Autumn Statement 2016

24 November 2016

Speculation is usually rife prior to a full Budget, which is normally held in the spring of each year. Up until only a few years ago, the Chancellor's Autumn Statement was almost a note to the accounts of 'UK Plc', rather than the important economic mid-season event it has become (with, it appears, the same level of speculation being applied to it). Ironically, this November's speech was notably important because not only did it encompass the views of our new Chancellor, Phillip Hammond MP, and of course the new regime of our post-Brexit vote Government, it also put an end to the Autumn Statement. Spring 2017 will be the final spring Budget and from autumn 2017, the main Budget for Britain will be announced in the autumn, with a spring statement from 2018 responding to the twice-yearly forecast from the Office of Budget Responsibility (OBR).

What were the headlines that grabbed the team at Chapters Financial who gathered around the screens on 23 November 2016 to take in the new financial data being detailed? The key points we took from the statement were as follows:

  • Tax savings on salary sacrifice and benefits in kind are to be stopped from April 2017, with exceptions for ultra-low emission cars, pensions, childcare and cycling. So salary sacrifice pension contributions are safe for the moment (but watch this space).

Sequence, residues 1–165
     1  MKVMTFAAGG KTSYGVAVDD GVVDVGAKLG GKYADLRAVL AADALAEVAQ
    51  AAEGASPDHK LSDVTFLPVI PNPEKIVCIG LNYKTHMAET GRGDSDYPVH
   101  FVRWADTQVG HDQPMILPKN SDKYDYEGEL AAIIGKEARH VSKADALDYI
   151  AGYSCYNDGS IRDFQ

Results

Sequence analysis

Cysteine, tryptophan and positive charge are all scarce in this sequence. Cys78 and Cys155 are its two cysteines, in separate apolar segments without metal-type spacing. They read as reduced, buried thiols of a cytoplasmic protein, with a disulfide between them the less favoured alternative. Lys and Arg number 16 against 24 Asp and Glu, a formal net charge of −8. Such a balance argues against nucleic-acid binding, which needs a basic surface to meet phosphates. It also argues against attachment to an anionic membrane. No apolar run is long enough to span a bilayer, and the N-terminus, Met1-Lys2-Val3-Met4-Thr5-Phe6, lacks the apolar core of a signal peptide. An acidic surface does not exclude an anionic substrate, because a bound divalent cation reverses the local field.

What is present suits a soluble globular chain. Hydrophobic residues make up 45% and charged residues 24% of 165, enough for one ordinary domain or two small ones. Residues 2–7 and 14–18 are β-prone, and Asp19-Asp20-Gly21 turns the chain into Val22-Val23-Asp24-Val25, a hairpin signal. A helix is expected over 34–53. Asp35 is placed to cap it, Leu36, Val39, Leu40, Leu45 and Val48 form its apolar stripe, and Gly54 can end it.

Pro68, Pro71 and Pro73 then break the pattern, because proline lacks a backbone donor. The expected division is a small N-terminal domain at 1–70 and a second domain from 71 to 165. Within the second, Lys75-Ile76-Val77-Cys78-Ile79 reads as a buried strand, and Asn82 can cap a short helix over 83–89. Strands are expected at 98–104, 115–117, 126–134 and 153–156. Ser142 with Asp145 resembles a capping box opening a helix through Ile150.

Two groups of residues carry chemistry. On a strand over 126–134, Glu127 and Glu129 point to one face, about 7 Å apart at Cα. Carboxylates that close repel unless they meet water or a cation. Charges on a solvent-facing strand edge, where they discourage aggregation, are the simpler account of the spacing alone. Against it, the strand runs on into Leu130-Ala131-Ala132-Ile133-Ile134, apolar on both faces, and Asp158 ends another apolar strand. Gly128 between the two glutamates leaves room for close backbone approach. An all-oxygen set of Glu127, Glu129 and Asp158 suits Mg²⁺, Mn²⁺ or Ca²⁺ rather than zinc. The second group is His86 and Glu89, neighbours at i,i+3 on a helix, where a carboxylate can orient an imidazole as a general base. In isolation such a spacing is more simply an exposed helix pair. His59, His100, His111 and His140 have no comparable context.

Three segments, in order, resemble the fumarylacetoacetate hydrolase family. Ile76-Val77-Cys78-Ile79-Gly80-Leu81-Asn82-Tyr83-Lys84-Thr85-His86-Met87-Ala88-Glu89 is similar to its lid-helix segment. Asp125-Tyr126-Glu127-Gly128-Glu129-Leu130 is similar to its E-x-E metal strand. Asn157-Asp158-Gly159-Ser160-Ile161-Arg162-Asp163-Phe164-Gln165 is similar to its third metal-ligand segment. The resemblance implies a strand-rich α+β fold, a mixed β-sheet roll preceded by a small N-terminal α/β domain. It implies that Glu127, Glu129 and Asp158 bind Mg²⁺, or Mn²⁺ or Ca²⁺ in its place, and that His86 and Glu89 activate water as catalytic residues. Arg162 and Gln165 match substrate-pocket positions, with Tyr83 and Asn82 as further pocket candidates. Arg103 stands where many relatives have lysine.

• For those who have drawn income from their money purchase pension plans, the amount they will be allowed to contribute into a pension plan (the Money Purchase Annual Allowance/MPAA) will reduce to £4,000 (from £10,000 currently).
  • Freeze on fuel tax duty for seventh successive year.
  • The triple lock on State Pension benefits is preserved, but will be reviewed in the next parliament, in the light of the challenges of rising longevity and fiscal sustainability.
  • Insurance Premium Tax to rise from 10% to 12% from June 2017
  • Corporation Tax to fall to 17% by 2020 as promised in the Budget
  • Tax-free personal allowance to rise to £11,500 in April 2017 as expected. This is to rise further to £12,500 by the end of the current parliament, and to rise in line with inflation thereafter. The level at which individuals start paying higher rate income tax is set to rise to £50,000 by the end of the current parliament.
  • A new savings bond will be launched through National Savings & Investments (NS&I). Full details will be announced at the next Budget – however, the rate of interest is likely to be around 2.2% pa gross AER, with a term of three years and a maximum investment of £3,000 per individual.

I have said this before and this event is no different: the devil will be in the detail. However, we hope that the key points noted above add additional help in considering your financial planning. One key point is that planning your financial position never stands still.

If you would like to consider your financial planning a stage further, possibly taking into account some of the changes noted above, then please contact the team at Chapters Financial in Guildford or Woking. As always, no individual advice is provided during the course of this Blog.


Keith Churchouse FPFS

Director

CFP Chartered FCSI

Chartered Financial Planner